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The effectiveness of fiscal policy between the Neo-Keynesian and the Monetarist framework - Essay Example

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Name Institution Tutor Course Date The Effectiveness of Fiscal Policy between the Neo-Keynesian and the Monetarist framework In the recent past, many scholars and authors have shown interest in macro and microeconomics due to the diversity of the field. Macroeconomics comprises of taxation, economic shifts, monetary and fiscal policies, interest rates and the stimulants of success in a given country compared to others…
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The effectiveness of fiscal policy between the Neo-Keynesian and the Monetarist framework
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The effectiveness of fiscal policy between the Neo-Keynesian and the Monetarist framework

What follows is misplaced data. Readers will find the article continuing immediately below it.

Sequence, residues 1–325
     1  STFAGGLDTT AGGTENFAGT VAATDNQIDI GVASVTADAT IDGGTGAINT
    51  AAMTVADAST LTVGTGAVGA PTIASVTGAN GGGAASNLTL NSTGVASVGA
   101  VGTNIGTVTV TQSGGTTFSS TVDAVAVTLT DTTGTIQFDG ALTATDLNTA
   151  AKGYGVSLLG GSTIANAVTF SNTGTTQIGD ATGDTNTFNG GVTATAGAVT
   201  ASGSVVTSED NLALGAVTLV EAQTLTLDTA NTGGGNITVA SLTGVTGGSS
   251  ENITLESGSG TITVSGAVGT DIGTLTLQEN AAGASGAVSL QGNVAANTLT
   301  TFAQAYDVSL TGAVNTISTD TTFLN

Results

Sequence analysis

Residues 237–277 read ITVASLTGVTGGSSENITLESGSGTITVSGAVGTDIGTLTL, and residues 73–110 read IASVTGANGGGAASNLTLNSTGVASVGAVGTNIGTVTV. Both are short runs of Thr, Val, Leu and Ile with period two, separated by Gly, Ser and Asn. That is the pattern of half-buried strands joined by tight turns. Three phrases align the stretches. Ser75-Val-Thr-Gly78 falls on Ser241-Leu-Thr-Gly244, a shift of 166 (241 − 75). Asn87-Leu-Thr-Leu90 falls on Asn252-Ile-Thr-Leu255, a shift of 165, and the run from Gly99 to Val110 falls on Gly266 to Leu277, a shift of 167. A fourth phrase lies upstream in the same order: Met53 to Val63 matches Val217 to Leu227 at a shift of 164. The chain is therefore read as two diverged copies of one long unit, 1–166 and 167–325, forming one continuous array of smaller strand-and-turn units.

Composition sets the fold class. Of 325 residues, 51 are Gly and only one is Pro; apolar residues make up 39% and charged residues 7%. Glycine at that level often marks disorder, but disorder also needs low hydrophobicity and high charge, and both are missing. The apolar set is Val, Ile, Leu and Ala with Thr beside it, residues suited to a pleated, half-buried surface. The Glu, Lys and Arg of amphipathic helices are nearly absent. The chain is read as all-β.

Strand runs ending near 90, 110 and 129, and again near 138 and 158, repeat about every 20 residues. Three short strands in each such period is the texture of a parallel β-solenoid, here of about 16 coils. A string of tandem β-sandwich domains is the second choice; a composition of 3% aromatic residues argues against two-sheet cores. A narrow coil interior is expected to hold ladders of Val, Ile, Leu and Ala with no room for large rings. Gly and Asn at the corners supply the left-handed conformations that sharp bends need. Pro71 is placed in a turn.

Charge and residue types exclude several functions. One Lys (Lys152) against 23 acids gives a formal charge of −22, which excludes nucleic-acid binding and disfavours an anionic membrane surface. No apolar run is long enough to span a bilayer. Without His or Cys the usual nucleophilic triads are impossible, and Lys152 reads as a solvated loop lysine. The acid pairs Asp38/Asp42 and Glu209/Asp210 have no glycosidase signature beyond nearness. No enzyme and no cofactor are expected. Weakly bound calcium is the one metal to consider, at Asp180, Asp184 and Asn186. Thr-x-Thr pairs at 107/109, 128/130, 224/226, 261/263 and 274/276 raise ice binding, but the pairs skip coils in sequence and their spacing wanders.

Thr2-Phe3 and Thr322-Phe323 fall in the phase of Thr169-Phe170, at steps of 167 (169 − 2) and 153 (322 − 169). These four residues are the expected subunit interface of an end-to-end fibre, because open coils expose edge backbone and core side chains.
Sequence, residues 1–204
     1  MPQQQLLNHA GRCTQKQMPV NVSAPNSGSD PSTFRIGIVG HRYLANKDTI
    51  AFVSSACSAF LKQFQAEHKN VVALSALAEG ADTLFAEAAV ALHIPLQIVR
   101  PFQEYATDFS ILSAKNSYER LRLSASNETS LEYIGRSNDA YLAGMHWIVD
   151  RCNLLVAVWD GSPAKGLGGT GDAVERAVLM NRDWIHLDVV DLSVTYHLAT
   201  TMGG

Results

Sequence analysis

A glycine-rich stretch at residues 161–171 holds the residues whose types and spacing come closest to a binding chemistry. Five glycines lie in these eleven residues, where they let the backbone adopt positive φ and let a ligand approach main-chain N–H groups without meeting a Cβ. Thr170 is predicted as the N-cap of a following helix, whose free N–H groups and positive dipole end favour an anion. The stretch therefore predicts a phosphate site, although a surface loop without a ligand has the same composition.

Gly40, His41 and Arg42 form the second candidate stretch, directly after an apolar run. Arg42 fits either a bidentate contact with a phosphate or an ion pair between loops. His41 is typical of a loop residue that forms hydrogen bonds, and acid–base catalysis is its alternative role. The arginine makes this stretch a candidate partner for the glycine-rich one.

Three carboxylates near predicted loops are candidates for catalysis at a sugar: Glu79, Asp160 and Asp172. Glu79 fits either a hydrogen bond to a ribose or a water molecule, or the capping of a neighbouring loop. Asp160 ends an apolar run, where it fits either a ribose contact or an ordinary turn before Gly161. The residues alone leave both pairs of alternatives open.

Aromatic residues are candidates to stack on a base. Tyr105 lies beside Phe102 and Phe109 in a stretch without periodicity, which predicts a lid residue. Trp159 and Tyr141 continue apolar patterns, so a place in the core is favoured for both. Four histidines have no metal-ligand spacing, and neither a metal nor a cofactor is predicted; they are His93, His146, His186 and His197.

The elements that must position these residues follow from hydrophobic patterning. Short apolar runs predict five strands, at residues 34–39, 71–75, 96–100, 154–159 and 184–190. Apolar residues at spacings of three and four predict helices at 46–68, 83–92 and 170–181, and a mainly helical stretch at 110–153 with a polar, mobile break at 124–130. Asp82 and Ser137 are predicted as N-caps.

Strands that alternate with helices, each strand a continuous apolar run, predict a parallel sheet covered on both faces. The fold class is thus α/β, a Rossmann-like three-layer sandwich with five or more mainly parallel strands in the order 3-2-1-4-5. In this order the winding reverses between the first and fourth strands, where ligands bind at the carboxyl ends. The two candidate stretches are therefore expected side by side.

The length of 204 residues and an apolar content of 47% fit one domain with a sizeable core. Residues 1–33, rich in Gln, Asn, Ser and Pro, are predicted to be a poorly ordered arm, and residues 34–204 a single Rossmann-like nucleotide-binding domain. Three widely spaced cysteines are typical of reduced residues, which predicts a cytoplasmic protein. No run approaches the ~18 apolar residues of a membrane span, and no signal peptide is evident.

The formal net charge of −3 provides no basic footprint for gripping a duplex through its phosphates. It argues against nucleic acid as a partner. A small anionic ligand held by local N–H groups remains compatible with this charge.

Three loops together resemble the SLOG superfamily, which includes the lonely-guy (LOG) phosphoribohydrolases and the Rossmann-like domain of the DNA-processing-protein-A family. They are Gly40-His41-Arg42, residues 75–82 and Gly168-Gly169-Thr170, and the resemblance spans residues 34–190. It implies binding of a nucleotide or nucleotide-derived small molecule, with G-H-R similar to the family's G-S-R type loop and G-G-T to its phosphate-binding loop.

Download file to see previous pages... Fiscal policies affect the demand and supply patterns in an economy, if the government imposes heavy taxes on various commodities the consequences are that prices will increase and demand will be low. If such a trend continues, supply will reduce and eventually the company will quit the market if not shift its concern to another line of production and this will result to retrenchment processes and low-income rates to the losers (workers). At the long run, the government will observe a lower G.D.P (gross domestic product) and reduced income per capita (Dwivedi 17). If a government engages in operations that will see it maintain expenditures at a desired level, it will have practiced fiscal policies. The practice is effective through adjustments in taxes, interest rates and the spending styles of the government itself (Musgrave, Frank, & Elia 80). Through the practices, the government either helps the final consumer, but whether this happens as anticipated is dependent on the shifts that the government employs either to vary rates on increased or decreased edge. The policies show relevance to those of the monetarists. Neo Keynesian theory stipulates that the factors to a progressive economy revolve around demand. The factors are demand itself, produced output and the rate of employment. The theory argues that an economy enjoys stability when the factors are exercised but not to the maximum exploitation of its output. The rate of employment in a country increases income per capita. This stimulates demand since buyers are able to decide and make purchases promptly at their will. Increase in demand will lead to increase in price or supply accordingly. The simultaneous changes in demand and supply factors will result to inflation if the prices increase considerably (Satora and Richard 67). At this point, government intervention becomes a point, and therefore measures must put in place to create harmony among the factors, this is referred to as fiscal policies. In most cases, the government will borrow money from the economy by issuing premiums, it may also issue decrees to the lending facilities on a stab to minimize the amount of money in supply, and it may impose taxes and duties over the produce. The practices as well will reduce spending patterns leading to reduced production. Eventually jobs will be lost resulting to economic recession. Monetarists argue that whenever a country revamps money into the economy, chances are that growth is in the short-term, and the ultimate result will be the pressure of inflation. They state that a slight change in government policies will affect the market either positively or negatively and reflect at the short and long runs. It is during inflation that the entire consumer group will cut down on spending since prices are high. The country will face unemployment problem since suppliers will be quitting the markets. Entirely, the country will not pose an attracting site to the investors due to adverse currency fluctuations. Understanding that subsequent currency fluctuations will result to devaluation, the country finds itself in a rather bitter position as its currency will affect exportation of goods. Therefore, it will have set an economic sanction to itself ...Download file to see next pagesRead More
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